For instance, typing *whoa, dude, pass that pizza over here, I’m going to starve* into the translator begets *Heigh-ho, broth’r, passeth that ‘zza ov’r hither, lest I waste away.*

Trolling the internet has never sounded so classy.

‘Twas heard most wondrous comments…

“Thy conclusions art unfounded and maketh no sense, thou knowest not wherefore thou writeth, knave.”

“Where’d thee receiveth thy science sir, or better hath said quack speaketh!”

“I’ve done mine research on thee, thou art a snakeoil salesman and filthy canker-blossom!!”

And my personal fave…

“A plague upon this howling, thee venomous fustilarian!”

That last bit was Shakesperean for “Give it up, you venomous douchebag.”

My life is now complete.

What does this have to do with your fitness program?

Research shows that laughter reverses the chemical effects of stress and releases anti-inflammatory compounds in the body.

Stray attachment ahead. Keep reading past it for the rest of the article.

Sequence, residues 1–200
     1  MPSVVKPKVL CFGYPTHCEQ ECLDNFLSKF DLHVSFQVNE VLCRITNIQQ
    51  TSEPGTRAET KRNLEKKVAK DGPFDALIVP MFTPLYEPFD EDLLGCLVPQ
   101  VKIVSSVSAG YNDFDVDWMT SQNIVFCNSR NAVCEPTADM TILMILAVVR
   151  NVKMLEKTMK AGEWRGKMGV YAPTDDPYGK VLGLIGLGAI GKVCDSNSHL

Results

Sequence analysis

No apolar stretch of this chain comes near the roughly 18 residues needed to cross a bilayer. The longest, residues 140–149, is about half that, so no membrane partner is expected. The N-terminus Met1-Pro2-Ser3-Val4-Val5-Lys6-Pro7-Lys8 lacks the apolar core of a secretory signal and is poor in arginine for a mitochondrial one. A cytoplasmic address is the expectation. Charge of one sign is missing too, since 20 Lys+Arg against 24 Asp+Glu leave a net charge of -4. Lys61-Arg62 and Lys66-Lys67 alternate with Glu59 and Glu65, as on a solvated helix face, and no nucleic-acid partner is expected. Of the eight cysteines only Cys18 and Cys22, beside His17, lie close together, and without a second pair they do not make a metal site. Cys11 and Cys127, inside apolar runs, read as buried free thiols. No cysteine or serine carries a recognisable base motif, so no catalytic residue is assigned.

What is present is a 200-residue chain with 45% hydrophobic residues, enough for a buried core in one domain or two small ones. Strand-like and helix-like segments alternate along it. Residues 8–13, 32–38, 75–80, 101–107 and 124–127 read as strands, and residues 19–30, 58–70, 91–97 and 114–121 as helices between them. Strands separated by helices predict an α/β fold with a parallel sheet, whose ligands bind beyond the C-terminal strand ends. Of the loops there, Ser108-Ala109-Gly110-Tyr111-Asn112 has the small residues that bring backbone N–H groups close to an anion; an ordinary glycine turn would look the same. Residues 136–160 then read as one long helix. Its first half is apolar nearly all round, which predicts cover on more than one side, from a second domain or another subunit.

And persistent inflammation is an impediment to losing fat.

In one study, watching an hour of humorous videos reduced the size of allergic reactions on the subjects’ skin by 50%!

So just by reading this post you’ve probably jettisoned a few fat grams.

(That’s assuming you think the Shmoop thing is as funny as I do.)

But there are only so many slimming blog posts I can write.

For any inflammation or fat I’ve missed, there’s my Lean For Life talk in Liberty Village on May 17th:

=>Click here for details & to register.

And let this be a reminder to not take yourself too seriously today.

Find opportunities to laugh.

Your health (and your waistline) will thank you for it.

Here’s to thy health mine cousin,

Conor Kelly




The ravages of low testosterone

Today, a topic that’s near and dear to my heart…

El Testosteron-e.

Did you know testosterone is the primary hormone responsible not only for libido (in both men and women) but is also essential to normal emotions of self-confidence, friendliness, affection, and joy?